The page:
Luzern, Switzerland

A year ago today, my mother died.

Edinburgh party

When her time came, she wanted to go quickly, at home and in the arms of her husband. Which is exactly what happened.

For the rest of us, her departure was sudden and shocking. Of course it had to happen, someday. The medical profession had given her mesothelioma everything in its arsenal, but the disease was relentless. We knew we’d lose her someday, but did it have to be so soon?

One year later, after the pain and tears and grief and enormous black hole where she used to be, what remains?

Quite a lot, actually.

Her passion was always for people. She embraced strangers and treasured relationships, whether family or friends. That much was visible at her funeral where far too many guests spilled out of the crematorium.

The colourful celebration of her life

Since she’s been gone, that elastic connection which can stretch so wide has contracted and brought us all together. Close family became closer, extended relatives got in contact and friends’ gentle words of sympathy reminded us that her kindnesses affected more lives than we could have guessed.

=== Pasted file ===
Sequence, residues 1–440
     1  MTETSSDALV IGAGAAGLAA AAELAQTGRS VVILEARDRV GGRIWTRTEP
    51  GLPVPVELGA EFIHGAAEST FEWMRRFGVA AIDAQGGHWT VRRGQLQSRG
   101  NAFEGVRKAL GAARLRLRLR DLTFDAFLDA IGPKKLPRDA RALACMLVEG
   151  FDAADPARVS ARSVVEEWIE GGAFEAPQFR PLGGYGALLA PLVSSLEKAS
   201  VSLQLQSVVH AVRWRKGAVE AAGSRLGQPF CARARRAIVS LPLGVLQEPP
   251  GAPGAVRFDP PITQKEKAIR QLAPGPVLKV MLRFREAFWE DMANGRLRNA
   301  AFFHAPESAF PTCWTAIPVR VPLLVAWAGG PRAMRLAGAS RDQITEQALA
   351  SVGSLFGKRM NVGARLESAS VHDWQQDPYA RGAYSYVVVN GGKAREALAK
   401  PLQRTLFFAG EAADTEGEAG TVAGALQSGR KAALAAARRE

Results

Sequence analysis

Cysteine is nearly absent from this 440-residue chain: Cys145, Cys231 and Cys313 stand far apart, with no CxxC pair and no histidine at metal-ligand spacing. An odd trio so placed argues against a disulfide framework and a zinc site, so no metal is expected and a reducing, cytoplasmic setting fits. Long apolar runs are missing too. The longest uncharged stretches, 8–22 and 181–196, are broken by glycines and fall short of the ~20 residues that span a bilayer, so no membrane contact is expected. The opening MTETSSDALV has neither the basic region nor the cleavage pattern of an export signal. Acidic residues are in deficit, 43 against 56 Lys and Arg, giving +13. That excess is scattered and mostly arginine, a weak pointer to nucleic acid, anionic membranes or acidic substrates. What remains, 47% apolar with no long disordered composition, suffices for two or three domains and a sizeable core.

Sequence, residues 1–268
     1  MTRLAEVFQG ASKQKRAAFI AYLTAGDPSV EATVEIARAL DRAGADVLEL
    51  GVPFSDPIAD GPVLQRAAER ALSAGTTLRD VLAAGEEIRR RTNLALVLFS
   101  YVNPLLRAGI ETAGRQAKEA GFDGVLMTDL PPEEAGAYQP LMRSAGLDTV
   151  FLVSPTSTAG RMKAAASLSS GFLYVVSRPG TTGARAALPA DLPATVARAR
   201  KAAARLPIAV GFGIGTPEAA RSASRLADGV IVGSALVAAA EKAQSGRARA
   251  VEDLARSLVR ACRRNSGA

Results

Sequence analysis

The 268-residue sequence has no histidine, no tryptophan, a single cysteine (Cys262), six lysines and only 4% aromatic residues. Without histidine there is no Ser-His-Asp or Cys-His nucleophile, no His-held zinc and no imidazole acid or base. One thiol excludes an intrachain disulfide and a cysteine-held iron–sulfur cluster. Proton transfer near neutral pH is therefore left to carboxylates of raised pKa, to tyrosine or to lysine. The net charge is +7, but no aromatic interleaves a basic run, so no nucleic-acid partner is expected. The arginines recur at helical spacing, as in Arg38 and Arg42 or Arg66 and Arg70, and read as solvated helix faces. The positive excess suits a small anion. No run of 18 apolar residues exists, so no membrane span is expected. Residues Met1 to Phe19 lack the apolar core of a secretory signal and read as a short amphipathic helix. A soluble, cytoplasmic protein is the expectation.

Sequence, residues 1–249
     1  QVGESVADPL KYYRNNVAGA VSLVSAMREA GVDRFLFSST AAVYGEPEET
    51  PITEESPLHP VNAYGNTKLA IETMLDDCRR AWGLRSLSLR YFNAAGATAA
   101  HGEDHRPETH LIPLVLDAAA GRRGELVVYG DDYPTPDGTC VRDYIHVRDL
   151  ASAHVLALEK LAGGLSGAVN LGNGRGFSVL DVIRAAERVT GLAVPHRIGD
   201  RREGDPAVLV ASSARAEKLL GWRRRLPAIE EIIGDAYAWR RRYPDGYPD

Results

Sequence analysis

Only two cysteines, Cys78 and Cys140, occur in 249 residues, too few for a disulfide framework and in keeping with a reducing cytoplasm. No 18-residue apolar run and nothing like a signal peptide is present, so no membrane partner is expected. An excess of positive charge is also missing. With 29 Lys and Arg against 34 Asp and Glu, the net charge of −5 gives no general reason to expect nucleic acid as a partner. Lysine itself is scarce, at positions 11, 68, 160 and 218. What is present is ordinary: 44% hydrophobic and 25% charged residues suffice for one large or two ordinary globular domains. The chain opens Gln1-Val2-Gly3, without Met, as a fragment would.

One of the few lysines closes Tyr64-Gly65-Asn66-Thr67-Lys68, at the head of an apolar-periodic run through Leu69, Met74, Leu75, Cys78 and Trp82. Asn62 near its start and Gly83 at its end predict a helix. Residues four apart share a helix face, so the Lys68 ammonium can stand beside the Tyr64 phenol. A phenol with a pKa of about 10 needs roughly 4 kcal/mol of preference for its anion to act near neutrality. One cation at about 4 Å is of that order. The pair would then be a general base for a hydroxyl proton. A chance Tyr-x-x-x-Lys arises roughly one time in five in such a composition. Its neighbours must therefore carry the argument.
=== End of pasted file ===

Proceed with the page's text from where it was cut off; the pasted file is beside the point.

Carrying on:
In addition to that, her behaviour acts as a benchmark. It’s only now I realise how deep her influence goes. Her sayings, her code of honour, her willingness to leave the house uncleaned to support a friend or rescue an animal, her fierce loyalty to those she loved and equal ferocity to their opponents, all make me more positive, determined and willing to change.

Terry, Mum and Florian above Lake Zurich

She never failed to tell us how proud she was of every one of our achievements – from first pooh in the potty to first grandchild to first book. I still want to run to her when I get a great review and say, ‘Look, Mum, someone liked it!’ She also pulled no punches when she found our behaviour lacking. One phrase often sneaks into my head when I get fractious: Patience is a virtue, and you, young lady, could do with a few more virtues.

Schaffhausen Falls

Most of all, my mother’s legacy was a sense of humour. She could laugh at all kinds of things, especially herself. I would love to think she was somehow present two weeks ago at the Lake of Zug, where her daughters, sons-in-law and husband were helpless with laughter at the classic Cooty stories.

I miss her. We all do. But we have so many precious memories.

Every day she’s gone makes me appreciate what she left behind.

São João – Porto